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Early youth collecting experience

Article about: Hi friends, I wonder if it might be a fun exercise to look back at our early days as budding collectors. I started to be interested in military artifacts at around age 15 in 1975. The circa

  1. #1

    Default Early youth collecting experience

    Hi friends, I wonder if it might be a fun exercise to look back at our early days as budding collectors. I started to be interested in military artifacts at around age 15 in 1975. The circa 1976 photo shows one of my earliest acquisitions - an M16 Stahlhelm and gas mask both attributed to the same soldier Grenadier Brunnlieb. I could not resist donning it back then. Of course, I would not think of doing that now! I still have both items although the chin strap disintegrated shortly after the purchase. They were sold to me by a retired postman who would drive up in his car, open the trunk and ask "what do you want?" NH

    $75 for the helmet and $50 for the gas mask back then.


  2. #2


    If only we had deals like that now.. I'm digging all of the classic soda bottles, too!

  3. #3
    MAP is offline



    I have no photos but I too used to put on the gas mask and helmet as well as a sporterized K98 and watch WW2 movies with my Dad! They were WW2, not WW1.
    "Please", Thank You" and proper manners appreciated

    My greatest fear is that one day I will die and my wife will sell my guns for what I told her I paid for them

    "Don't tell me these are investments if you never intend to sell anything" (Quote: Wife)

  4. #4


    I will have to have a dig in my granddads old photo albums to see what I have.
    I started collecting in 1985 when I was 6.
    Granddad gave me my first helmet and Dad gave me his medals.
    I inherited my family's gear and small bits and pieces that I would see in junk shops.
    It all lived in boxes for many many years. long story, but half of it went missing when I came back home after 6 years travelling.
    Took another 6 years to get back in the mood to collect.
    Always remember suiting up in granddads gear, helmet, canteen, knife, compass, bag of rocks (grenades) and cap gun and we would go on missions to an island behind their house.
    You could only get to it at low tide.
    Remember the seven S's and watch for traps he would joke. then we would charge a machine gun nest he set up.
    ammo were cans of beer, that I also carried and he would call for ammo at certain times. Damn I miss that crazy old bastard.

  5. #5


    Were the cans full!? It must've been fun if they were and he kept running low on ammunition..

  6. #6


    They were full alright!!
    War is thirsty work, and he was always running low on ammo.
    We would end up throwing rocks at the empty cans later as they had turned into enemy snipers.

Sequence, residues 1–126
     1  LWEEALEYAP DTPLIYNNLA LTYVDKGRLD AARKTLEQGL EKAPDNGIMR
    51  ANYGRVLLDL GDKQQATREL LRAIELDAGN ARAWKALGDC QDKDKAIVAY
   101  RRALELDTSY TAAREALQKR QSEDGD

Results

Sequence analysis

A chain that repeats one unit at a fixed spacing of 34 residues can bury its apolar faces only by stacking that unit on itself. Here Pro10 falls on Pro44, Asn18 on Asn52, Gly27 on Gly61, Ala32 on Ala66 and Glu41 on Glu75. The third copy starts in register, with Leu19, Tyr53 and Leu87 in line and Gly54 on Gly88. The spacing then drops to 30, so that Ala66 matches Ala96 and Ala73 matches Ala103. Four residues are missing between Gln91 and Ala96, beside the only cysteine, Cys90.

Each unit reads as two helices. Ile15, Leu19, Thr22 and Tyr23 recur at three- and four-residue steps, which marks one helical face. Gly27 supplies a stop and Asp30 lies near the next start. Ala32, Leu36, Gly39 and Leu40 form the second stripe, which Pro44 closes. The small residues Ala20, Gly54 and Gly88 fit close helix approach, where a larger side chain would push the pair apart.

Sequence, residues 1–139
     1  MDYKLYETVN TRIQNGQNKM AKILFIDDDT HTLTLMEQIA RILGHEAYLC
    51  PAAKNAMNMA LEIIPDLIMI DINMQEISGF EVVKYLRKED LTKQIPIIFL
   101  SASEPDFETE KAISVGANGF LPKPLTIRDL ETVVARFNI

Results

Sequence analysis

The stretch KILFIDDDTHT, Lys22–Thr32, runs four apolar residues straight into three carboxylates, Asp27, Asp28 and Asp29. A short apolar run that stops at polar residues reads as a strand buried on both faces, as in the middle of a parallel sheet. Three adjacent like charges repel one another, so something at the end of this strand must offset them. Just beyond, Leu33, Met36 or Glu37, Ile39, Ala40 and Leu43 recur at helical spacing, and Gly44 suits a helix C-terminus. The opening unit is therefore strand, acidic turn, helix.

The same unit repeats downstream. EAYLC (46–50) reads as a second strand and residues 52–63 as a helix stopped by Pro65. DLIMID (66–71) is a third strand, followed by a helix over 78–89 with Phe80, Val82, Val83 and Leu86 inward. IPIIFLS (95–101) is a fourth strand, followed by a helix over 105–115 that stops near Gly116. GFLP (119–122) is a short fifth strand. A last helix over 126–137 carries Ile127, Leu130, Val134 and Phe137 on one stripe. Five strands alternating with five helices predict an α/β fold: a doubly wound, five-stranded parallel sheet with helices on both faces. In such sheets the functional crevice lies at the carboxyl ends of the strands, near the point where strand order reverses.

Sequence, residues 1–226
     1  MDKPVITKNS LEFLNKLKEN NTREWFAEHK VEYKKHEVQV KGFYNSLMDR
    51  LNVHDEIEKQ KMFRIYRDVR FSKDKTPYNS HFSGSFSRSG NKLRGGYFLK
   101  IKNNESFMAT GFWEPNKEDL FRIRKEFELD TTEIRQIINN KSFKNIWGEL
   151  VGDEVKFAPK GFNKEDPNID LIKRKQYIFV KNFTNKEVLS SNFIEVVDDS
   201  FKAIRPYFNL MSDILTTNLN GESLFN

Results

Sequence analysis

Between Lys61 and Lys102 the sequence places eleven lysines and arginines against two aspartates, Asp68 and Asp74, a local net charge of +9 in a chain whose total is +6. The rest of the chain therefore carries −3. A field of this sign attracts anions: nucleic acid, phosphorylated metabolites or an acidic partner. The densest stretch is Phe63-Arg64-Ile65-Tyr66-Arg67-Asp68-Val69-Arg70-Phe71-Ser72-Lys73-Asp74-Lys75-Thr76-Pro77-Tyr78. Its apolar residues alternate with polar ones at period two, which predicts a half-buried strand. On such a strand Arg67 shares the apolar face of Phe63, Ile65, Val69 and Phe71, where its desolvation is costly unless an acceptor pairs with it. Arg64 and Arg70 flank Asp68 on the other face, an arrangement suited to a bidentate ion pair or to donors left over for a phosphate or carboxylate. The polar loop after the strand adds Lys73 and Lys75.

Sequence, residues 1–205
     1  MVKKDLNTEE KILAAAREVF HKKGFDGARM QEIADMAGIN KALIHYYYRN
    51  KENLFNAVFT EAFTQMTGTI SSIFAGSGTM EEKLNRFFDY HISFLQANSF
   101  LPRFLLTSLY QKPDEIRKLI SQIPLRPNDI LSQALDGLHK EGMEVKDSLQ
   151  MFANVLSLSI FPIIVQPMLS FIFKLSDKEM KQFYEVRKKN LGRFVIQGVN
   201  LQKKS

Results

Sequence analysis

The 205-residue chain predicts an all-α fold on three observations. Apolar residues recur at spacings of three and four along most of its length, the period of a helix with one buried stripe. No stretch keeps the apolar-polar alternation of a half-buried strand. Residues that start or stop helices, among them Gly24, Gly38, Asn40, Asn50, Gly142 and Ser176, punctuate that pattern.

I have a fuzzy memory of making a bow and arrow out of bamboo and hitting cans with him.
    he showed me how to make a 7 minute bomb with matches and a cigarette.
    Granddad was ex - SAS.

  7. #7


    Coolest granddad ever! Both of mine could never do things like that with me, unfortunately.. Wore themselves out working since the age of 14 to try to save my province's failing industry.. I still remember my late Pop Baker playing with LEGO soldiers with me. My other grandpa helps me collect, so it's still in good fun. Can't say I haven't done the same with empty soda cans when hanging out with my little cousins, either

  8. #8


    My Marine Corps collection 15-16 years ago, when I was just starting out with focus has changed many times over the years, but I still have all the pieces shown here
    Attached Images Attached Images

  9. #9


    Some of us were just born with the collecting gene. It's like I tell my
    wife----I can't help it, I was born this way.

    As a young boy, we moved around a lot. So I collected rocks from the different
    states and places I had lived. One of my earliest collections was the little
    plastic drink swords (swizzle sticks) that my stepdad would bring home from the bar.

    By the time I was 9, I was collection US shoulder patches. I bought my first bayonet
    when I was 12 and it's just gotten worse from there.

    I guess it's time to get to another meeting---
    "Hello, My name is Greg and I collect stuff"
    Live to ride -- Ride to live

    I was addicted to the "Hokey-Pokey" but I've turned
    myself around.

  10. #10


    Interesting reminiscences of early collecting. I think most people who collect, be it stamps, militaria, Art or cars, start collecting something as a child. A psychologist could probably describe the personality type, we are probably all of similar personality. My brother in law was an extreme case, never opening the boxed toys he received for Christmas or birthdays, saving them in mint condition. He still has them.
    I started with stamp collecting then moved on to the more interesting militaria collecting when I was 14, fueled by my grandfather's periodic gifts (a veteran of two world wars) of military pieces he had acquired. I was hooked then and the interest never diminished apart from parking the hobby while we had small children and less money.

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